This Texas Realtor Wanted to Flip the Election Results—and Your House, Too

"Y’all know who to hire for your realtor."
Surveillance footage depicting Ryan entering the Capitol building through the rotunda, according to a criminal complaint.
Surveillance footage depicting Jenna Ryan entering the Capitol building through the Rotunda, according to a criminal complaint. (Statement of Facts/FBI) 

A Texas realtor who boasted about flying to D.C. for President Trump’s “Save America” rally on a private jet allegedly used the storming of the Capitol as an opportunity to promote her business. 

In the middle of the chaos and violence of January 6, Jenna Ryan turned to her livestream audience on Facebook and said: “Y’all know who to hire for your realtor. Jenna Ryan for your realtor.” 

Ryan was charged Friday with knowingly entering or remaining in a restricted building without authority and disorderly conduct on Capitol grounds. The move marks the culmination of Ryan’s enthusiastic engagement with unfounded conspiracy theories about the 2020 election—and the beginning of her legal trouble over the siege. 


Ryan, who also works as a life coach and radio host, had already created a buzz by publicly boasting about her private jet trip to Washington D.C. to attend Trump’s “Save America” rally, and then remarking in a livestream about marching to the Capitol Building with “all these working-class people.”  

A statement of facts filed by FBI Special Agent Amie Stemen and released on Friday recounted in painstaking detail how Ryan recorded herself traveling to the Trump rally, marching down Pennsylvania Avenue and arriving inside the Capitol building with the mob.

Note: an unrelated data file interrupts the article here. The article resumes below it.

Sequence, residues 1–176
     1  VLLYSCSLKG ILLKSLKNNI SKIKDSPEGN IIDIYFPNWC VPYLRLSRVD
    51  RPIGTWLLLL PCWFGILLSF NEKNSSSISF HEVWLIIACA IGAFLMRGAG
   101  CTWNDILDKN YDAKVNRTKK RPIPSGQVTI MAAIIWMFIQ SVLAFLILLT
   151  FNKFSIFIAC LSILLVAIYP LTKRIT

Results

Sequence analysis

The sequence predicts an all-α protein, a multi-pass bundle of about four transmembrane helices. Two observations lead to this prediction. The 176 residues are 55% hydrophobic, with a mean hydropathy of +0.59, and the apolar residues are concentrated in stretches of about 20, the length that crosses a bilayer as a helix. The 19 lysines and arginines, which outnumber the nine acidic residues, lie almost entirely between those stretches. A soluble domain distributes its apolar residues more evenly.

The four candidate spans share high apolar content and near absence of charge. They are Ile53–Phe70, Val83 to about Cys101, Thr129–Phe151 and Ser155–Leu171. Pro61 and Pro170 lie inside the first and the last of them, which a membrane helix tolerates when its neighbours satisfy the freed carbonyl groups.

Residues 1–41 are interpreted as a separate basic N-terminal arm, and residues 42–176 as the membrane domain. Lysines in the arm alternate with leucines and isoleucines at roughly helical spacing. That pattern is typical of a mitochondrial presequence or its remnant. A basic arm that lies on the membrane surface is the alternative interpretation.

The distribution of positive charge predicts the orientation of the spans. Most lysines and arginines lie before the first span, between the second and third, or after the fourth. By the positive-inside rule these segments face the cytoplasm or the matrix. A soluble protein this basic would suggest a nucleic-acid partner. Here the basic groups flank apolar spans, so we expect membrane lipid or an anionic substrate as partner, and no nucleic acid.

In the destruction that followed, at least five people died, including a Capitol Police officer, and members of Congress fled for their lives. 

The statement notes that a Facebook user named Brian Miller tagged Ryan in a series of posts from Trinity Aviation in Denton, Texas, with the caption: “We’re so excited! DC bound to #StopTheSteal.” 

A screenshot of the criminal complaint against Jenna Ryan. Ryan posted these photos of herself at the Capitol, according to the complaint. (Statement of Facts/FBI)

“We're gonna go down and storm the Capitol,” Ryan said in a January 6 bathroom selfie video, according to the court filing. “They’re down there right now and that's why we came and so that's what we are going to do. So wish me luck.” 

After she entered the Capitol building through the Rotunda entrance, Ryan said, according to the filing, “we are going to f---ing go in here. Life or death, it doesn’t matter. Here we go.”


After the building was stormed, the FBI special agent wrote, Ryan posted on Twitter: “We just stormed the Capital. It was one of the best days of my life.” The tweet has has since been deleted. 

Since the insurrection, Ryan has continued posting about her trip to D.C. and given some media interviews. In remarks to the Dallas real estate website CandysDirt, she expressed nonchalance about violence and potential loss of life. 

“Then they were like, ‘Someone got shot in there,’ and we were like, we don’t care because our freedom is more important to us than our lives because the whole premise is give us liberty or give us death,” she told the outlet. “We are front-line patriots who are fighting for liberty.”

The same outlet reported that she claims to work only 15 hours a week and still makes “a ton of money and sells a ton of homes.”